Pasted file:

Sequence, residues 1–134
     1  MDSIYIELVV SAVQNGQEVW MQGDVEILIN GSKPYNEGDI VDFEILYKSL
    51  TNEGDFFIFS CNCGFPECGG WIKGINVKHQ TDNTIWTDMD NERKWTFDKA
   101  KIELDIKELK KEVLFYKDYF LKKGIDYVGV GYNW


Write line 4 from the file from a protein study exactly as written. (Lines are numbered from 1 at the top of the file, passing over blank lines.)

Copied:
   101  KIELDIKELK KEVLFYKDYF LKKGIDYVGV GYNW